How to create an effective, eye-catching Internet newsletter
by David Kandler
Editor’s Note: This article discusses only Internet and Intranet newsletters, which are viewed on a Web browser. It does not discuss e-mail newsletters. For more information on the various types of electronic newsletters, please see the related article: “How to know what kind of electronic newsletter to publish.” The author of this article, David Kandler, is the founder and president of CompanyNewsletters.com, an Internet firm that produces newsletters for companies throughout the United States. Learn more about how his firm can help your company produce printed and electronic newsletters.
Because of their low cost, attractive full-color designs and quick production turnaround time, online Internet and Intranet newsletters have quickly become one of the fastest growing segments of company newsletter publishing.
Whether you’re planning on publishing an Internet newsletter to attract new customers or an Intranet newsletter to keep employees up to date on company happenings, online newsletters can be a very effective tool for your business – if done properly.
Here are some tips to make sure your online newsletter is successful:
- Use a multi-column layout. Lines of text that stretch from one edge of the screen to the other are not only boring to look at, they’re more difficult to read. Shorter text lines make it easier for readers to keep their place when following text from the end of one line to the start of the next line. That’s why newspapers and magazines, in both their printed and online versions, always break up a page’s text into multiple columns. Follow the lead of the professionals and do the same with your online newsletter. In the online newsletters that my company produces, we prefer to use a design that breaks a Web page into two columns – just like this Web page that you are now viewing. The first column is on the left side and takes about one-third the width of the newsletter. The second column, on the right side of the screen, is wider and takes up the remaining two-thirds of the publication. The narrower left column is an ideal place to run your newsletter’s table of contents, including links to all your articles. For added impact, you can tint this left column with a background color. The right column is then used mainly for headlines, photos and articles.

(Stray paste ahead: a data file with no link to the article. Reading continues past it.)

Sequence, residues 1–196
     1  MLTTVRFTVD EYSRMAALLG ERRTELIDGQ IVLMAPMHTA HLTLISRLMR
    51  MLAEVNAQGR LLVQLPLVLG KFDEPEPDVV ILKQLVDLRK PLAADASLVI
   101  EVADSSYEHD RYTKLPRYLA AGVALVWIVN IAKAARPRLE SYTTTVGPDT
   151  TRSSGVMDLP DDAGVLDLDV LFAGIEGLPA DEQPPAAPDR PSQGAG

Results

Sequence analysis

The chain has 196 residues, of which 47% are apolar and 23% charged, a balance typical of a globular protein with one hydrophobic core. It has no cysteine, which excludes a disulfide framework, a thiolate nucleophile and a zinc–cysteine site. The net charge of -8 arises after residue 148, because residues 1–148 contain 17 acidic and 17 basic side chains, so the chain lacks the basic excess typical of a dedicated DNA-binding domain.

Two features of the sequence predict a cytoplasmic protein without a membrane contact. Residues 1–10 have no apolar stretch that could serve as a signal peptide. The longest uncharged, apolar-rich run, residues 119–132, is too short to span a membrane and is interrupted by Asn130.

Photos, artwork and other graphics will make your newsletter more eye-catching.
- Use graphics, but don’t overdo them. Photos, artwork and other graphics will make your newsletter more eye-catching. However, these graphics are a double-edged sword because the more you use, the longer it’ll take for your pages to load on your readers’ browsers. If a Web page takes too long to load, viewers will get impatient and move on without reading your pages.
Here are some ideas for using graphics effectively:
- When deciding whether to run a graphic large or small, go for the smaller size – unless there’s important detail in the graphic that will be lost when it’s reduced to a smaller size.
- Minimize the download time of your graphics by limiting the resolution to 72 DPI (dots per inch). Most computer monitors can’t display any higher than 72 DPI, so there is no need to make Web page graphics with a resolution that is any higher. A 300 DPI graphic won’t look any better on a computer monitor – it’ll just have a much greater file size and take much longer to load on a browser.
- Instead of over-using graphics, use fancier text elements to dress up your pages. Colored drop caps (the large first letter of an article, like at the beginning of this story), pull quotes (for example, see the gray box with purple lettering farther down in this article) and reverses (the “OUR SERVICES” box in the left column is a sample) can all be done without adding independent graphics to your Web page. These fancier text elements can all be programmed into your Web page without adding significantly to the file size.